Russell is almost too perfect a poster boy for the Nets’ reboot. Just two years ago, Magic Johnson questioned Russell’s leadership abilities and traded him away from Los Angeles; now the guard is the leader of a playoff team. And the bet the Nets made on him is indicative of the kinds of chances they needed to take in order to rebuild successfully. It was a calculated risk with a clear thought process and a bet on their own development program, which has gotten the best out of him.
Russell’s leap has put him in the playoffs before his former team (who are now in a six-year drought) and has made the Nets attention-worthy again. What they do from here on out is icing on top of the cake.
The Nets were not the only team who clinched a playoff spot Sunday. Orlando ousted Boston, 116-108, on the road and took its own spot after winning a paltry 25 games last season. Much of the credit should go to head coach Steve Clifford, who took over the Magic’s head coaching job this offseason and has led the team back to the playoffs for the first time in seven years with help from an All-Star-level contract year from Nikola Vucevic, Aaron Gordon, Terrence Ross, and Evan Fournier, among others.
Like the Nets, Orlando was not expected to make the playoffs before the season, but unlike the Nets, the Magic have had lottery picks in recent years and were unable to do much of anything with them. There was little reason to hope for even a decent season, let alone a playoff year, but Clifford’s system, along with incremental improvements from most of the roster, were just enough.
With one game left, Orlando is still playing for seeding. Though it’s currently the 7-seed, it could drop to eighth or rise to sixth. That means that other teams in the conference have something to play for, too. Here’s what the rest of Sunday’s games meant for the teams still jockeying for position at the bottom of the East’s playoff picture:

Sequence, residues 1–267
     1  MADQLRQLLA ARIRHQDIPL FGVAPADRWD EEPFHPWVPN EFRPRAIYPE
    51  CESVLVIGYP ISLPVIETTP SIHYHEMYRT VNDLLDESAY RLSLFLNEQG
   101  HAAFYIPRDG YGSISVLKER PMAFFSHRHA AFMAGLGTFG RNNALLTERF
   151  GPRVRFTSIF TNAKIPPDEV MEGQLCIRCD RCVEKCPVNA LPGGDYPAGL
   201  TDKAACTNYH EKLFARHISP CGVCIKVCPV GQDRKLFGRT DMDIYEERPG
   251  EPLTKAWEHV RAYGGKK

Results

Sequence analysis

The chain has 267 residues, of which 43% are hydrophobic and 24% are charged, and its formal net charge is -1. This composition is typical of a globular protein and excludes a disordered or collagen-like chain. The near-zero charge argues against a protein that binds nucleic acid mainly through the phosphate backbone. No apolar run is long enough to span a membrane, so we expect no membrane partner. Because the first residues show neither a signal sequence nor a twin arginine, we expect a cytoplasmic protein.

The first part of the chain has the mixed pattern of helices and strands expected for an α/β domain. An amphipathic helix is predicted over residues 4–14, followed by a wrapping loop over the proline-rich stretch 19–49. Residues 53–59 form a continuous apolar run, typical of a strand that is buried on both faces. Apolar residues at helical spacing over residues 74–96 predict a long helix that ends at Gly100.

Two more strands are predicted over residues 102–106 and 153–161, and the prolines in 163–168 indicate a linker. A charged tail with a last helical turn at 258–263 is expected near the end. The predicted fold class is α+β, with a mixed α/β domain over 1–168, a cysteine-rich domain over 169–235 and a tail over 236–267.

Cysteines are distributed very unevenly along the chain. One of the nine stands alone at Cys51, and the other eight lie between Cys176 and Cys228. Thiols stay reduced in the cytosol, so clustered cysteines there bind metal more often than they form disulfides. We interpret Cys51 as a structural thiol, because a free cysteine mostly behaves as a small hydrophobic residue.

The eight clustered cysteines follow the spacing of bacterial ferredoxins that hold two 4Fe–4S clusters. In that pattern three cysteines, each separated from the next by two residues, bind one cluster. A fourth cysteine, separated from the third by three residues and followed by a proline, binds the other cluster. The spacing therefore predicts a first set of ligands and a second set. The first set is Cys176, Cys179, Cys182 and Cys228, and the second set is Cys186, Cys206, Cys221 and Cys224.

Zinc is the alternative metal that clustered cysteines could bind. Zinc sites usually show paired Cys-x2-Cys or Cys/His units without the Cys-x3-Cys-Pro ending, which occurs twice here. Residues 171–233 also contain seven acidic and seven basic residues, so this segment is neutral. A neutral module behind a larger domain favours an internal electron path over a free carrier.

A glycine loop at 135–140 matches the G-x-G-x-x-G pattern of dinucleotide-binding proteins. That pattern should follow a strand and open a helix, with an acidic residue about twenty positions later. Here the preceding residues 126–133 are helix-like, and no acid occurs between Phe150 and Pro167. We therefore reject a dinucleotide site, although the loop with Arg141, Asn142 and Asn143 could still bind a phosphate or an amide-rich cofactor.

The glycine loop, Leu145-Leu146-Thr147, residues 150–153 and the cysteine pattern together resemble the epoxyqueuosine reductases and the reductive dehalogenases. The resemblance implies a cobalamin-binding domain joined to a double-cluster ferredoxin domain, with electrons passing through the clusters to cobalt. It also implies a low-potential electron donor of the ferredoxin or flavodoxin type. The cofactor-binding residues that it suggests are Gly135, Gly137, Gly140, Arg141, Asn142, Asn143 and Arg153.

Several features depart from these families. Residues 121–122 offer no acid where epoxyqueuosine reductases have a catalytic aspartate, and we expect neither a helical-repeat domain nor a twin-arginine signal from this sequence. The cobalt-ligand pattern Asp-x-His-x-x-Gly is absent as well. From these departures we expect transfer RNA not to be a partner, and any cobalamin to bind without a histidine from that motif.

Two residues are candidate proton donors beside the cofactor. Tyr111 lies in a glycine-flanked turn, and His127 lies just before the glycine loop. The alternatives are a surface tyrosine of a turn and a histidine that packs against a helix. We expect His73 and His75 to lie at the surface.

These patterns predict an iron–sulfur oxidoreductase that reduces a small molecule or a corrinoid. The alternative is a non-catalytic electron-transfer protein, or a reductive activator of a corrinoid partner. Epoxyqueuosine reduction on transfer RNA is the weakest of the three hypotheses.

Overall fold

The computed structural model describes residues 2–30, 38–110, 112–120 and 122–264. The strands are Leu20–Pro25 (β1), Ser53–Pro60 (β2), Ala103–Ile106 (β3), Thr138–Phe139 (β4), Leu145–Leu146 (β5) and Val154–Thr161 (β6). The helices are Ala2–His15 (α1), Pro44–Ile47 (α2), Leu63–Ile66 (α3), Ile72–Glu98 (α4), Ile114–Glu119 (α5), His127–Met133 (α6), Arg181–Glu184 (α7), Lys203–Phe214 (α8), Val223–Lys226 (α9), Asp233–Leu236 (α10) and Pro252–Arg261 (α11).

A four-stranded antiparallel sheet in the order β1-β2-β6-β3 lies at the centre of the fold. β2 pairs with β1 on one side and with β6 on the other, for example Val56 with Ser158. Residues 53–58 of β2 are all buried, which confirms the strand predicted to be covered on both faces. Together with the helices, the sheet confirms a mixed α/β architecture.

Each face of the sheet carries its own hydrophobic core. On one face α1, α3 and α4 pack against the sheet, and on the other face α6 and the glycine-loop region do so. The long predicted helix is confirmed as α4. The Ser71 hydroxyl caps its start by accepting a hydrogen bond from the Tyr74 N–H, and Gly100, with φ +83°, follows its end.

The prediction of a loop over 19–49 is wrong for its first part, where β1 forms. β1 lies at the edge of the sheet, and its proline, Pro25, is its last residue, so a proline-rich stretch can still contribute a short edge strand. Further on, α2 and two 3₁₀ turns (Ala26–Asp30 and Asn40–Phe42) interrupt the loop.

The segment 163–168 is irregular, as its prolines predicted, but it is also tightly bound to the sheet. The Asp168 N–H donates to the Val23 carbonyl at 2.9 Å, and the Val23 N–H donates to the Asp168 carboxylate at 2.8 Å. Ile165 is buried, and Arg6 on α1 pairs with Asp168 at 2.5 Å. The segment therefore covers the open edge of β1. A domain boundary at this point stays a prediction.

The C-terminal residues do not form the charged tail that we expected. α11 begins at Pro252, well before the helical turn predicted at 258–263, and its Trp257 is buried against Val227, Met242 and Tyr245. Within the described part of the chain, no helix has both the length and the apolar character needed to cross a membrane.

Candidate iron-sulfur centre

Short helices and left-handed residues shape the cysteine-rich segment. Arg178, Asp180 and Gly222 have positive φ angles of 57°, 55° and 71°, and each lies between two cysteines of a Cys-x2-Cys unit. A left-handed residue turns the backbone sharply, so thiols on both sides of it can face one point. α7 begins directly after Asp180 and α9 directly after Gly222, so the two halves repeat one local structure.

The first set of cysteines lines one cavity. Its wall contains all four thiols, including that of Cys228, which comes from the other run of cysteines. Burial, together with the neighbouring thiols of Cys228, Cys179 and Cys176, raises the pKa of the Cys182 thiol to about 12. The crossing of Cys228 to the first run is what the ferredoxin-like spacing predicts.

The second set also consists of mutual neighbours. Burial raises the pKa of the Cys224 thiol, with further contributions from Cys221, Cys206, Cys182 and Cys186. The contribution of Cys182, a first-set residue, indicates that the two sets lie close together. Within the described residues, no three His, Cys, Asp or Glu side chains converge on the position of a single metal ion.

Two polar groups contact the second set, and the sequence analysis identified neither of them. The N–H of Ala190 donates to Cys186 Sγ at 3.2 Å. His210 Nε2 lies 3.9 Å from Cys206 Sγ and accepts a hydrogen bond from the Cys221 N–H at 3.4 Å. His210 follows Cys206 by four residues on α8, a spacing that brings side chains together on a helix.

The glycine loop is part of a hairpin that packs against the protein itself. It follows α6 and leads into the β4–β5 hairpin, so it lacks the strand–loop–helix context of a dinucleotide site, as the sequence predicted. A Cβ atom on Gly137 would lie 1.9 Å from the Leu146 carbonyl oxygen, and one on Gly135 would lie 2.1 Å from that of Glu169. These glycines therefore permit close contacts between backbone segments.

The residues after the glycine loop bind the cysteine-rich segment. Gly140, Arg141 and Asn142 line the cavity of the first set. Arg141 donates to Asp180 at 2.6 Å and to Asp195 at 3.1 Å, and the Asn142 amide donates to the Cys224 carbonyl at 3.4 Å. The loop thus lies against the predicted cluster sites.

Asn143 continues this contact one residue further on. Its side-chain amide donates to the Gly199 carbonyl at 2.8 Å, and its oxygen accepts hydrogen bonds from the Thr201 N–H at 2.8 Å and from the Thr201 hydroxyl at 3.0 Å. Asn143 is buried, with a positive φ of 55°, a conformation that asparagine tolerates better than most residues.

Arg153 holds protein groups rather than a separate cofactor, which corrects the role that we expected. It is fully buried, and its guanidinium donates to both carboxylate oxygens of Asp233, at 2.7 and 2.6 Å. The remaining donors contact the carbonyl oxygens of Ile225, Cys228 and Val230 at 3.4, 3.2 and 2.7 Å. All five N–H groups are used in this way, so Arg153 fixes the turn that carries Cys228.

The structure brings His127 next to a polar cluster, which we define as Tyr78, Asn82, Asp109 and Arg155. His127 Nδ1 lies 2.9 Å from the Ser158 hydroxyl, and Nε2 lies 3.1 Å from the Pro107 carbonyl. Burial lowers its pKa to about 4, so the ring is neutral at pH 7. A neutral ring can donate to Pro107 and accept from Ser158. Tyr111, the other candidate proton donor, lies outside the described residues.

The Heat were hanging onto the playoffs by a thread going into Sunday and were edged by the Raptors in overtime. The loss, however, was not quite a death knell. Because the Hornets beat the Pistons (more on that in a bit), the Heat can still make the playoffs—they just need to win their last two games, have the Pistons lose their last two games, and have the Hornets lose one of their last two. Here’s the bad news: Detroit plays against the tanking Grizzlies and Knicks to finish the season.
Somehow, by the sweet stroke of Wisconsin god Frank Kaminsky (who had 24 points off the bench Sunday), the Hornets stayed in the playoff race by beating the Pistons. How can Charlotte get in and give Kemba Walker another taste of the playoffs before offering him a big contract? First, they have to win out themselves (they play the Cavs and Magic) and hope the Pistons drop one of the two against the aforementioned tanking teams.
The Pistons’ loss to the Hornets was bad, but Detroit is still in decent shape to make the playoffs. The Pistons need to beat the Knicks and Grizzlies to ensure a berth, but it’s not as easy as it may sound. Blake Griffin is nursing a knee injury that is clearly affecting his play. Griffin has been Detroit’s most important and best player; if he plays at a reduced level, the Hornets’ and Heat’s chances at making the playoffs drastically improve.
The only thing left for the Nets to do is figure out their seeding and playoff matchup. Do they want to face the Sixers or the Raptors? If Brooklyn wins its last game of the season against the Heat, it’ll clinch the 6-seed and go to Philly. But if it loses and Orlando wins out, it’ll have to get its passport ready.